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About AHCJ: General News

Five journalists named 2015 Reporting Fellows on Health Care Performance Date: 10/30/14

AHCJ Reporting Fellowships on Health Care Performance COLUMBIA, Mo. – The Association of Health Care Journalists has awarded five journalists AHCJ Reporting Fellowships on Health Care Performance for work to be completed in 2015. The program, in its fifth year, is meant to help journalists understand and report on the performance of local health care markets and the U.S. health system as a whole.

The fellowship program, supported by The Commonwealth Fund, is intended to give experienced print, broadcast and online reporters an opportunity to concentrate on the performance of health care systems – or significant parts of those systems – locally, regionally or nationally. The fellows are able to examine policies, practices and outcomes, as well as the roles of various stakeholders.

The 2015 fellows will be:

  • RICK JURGENS covers health care for the Valley News, a daily newspaper in West Lebanon, N.H. Previously, he was a staff reporter for the Contra Costa Times in Walnut Creek, Calif., and Dow Jones Newswires and wrote stories for the Center for Investigative Reporting, Christian Science Monitor, Wall Street Journal, Nieman Reports, CNBC.com, San Francisco Business Times and California Current. He also worked as an investigative reporter for the National Consumer Law Center. His project will focus on the different approaches to health care coverage underway in New Hampshire and neighboring Vermont.

  • SARAH KLIFF is a senior editor at Vox, where she oversees health, medicine and education coverage. Kliff joined Vox in February 2014 from The Washington Post, where she covered health policy and was a founding member of Wonkblog, a policy blog dedicated to making complex policy topics easily approachable and understandable. Before the Post, she was a staff writer at Politico, also covering health policy. Her writing has appeared in Newsweek, National Geographic, the BBC and other news outlets. Her project will focus on fatal medical errors and what differentiates hospitals with high and low rates.

  • BETH KUTSCHER is the finance reporter for Modern Healthcare, and is based in the Nashville bureau. Before joining Modern Healthcare, she was a content editor and pharmaceutical reporter for the New York-based Mergermarket Group, a Financial Times division. She previously was news and online editor for Pharmaceutical Executive magazine and deputy news editor and healthcare reporter for PRWeek. Her project will compare the financial performance of hospitals and hospital systems in Medicaid expansion states and nonexpansion states.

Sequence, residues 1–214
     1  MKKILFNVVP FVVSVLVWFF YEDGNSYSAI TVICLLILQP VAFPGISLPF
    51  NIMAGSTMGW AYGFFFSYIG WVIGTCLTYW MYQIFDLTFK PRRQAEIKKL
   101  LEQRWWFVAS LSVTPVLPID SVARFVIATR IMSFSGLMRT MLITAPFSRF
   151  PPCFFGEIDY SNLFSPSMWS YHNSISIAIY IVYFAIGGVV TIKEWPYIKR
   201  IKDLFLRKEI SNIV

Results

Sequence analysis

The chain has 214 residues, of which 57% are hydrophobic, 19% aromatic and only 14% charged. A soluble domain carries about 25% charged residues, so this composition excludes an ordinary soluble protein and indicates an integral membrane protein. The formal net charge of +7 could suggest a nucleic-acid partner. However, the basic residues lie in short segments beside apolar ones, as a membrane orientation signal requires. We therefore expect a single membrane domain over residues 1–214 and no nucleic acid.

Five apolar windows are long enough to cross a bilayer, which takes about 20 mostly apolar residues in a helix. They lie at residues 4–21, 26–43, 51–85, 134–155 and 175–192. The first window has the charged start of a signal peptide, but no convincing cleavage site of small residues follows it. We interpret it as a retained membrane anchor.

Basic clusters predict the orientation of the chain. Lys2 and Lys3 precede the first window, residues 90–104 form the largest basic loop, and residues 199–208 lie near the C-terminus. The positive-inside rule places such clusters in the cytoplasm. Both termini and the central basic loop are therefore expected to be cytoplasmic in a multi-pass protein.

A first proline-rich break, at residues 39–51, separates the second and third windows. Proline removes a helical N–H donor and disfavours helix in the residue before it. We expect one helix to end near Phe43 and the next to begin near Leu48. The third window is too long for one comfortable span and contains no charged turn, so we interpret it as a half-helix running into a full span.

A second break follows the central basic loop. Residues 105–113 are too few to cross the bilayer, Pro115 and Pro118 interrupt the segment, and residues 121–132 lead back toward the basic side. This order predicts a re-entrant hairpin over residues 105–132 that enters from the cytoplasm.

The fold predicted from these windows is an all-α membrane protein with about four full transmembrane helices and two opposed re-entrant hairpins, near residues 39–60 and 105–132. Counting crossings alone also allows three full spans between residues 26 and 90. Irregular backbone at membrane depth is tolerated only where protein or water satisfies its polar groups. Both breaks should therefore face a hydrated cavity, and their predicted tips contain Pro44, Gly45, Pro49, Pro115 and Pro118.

• JAYNE O’DONNELL is the health care policy reporter for USA Today, an author, TV contributor and freelance writer. Since September 2013, she has covered the implementation of the Affordable Care Act, as well as an investigation into questionable Medicare billing. She is also a longtime safety reporter who has written about subjects as varied as unsafe cosmetic surgery practices, the risks of crib bumpers and the promise of high-tech car safety features. Her project will compare health care being provided in neighboring states with and without Medicaid expansion.

  • DAVID WAHLBERG has been the health reporter at the Wisconsin State Journal in Madison since 2005. He previously covered health and other topics at the Atlanta Journal-Constitution, Ann Arbor (Mich.) News, San Bernardino (Calif.) Sun and Wausau (Wis.) Daily Herald. His projects on doctor discipline, rural health and patient safety have won awards from AHCJ and other national organizations. His project will focus on how well the organ transplant system is working in Wisconsin.

The fellows will continue in their jobs during the coming year, but also receive customized training, mentoring and financial support for field reporting and conference and workshop attendance. With the support of the program, and their own news outlets, they are expected to complete significant and unique reporting projects by the end of 2015.

The Association of Health Care Journalists is an independent, nonprofit organization dedicated to advancing public understanding of health care issues. With about 1,500 members across the United States and around the globe, its mission is to improve the quality, accuracy and visibility of health care reporting, writing and editing. The association and its Center for Excellence in Health Care Journalism provide training, resources and a professional home for journalists. Offices are based at the Missouri School of Journalism.

The Commonwealth Fund is a private foundation that aims to promote a high-performing health care system that achieves better access, improved quality and greater efficiency, particularly for society's most vulnerable. The Fund carries out this mandate by supporting independent research on health care issues and making grants to improve health care practice and policy. The Fund is based in New York City.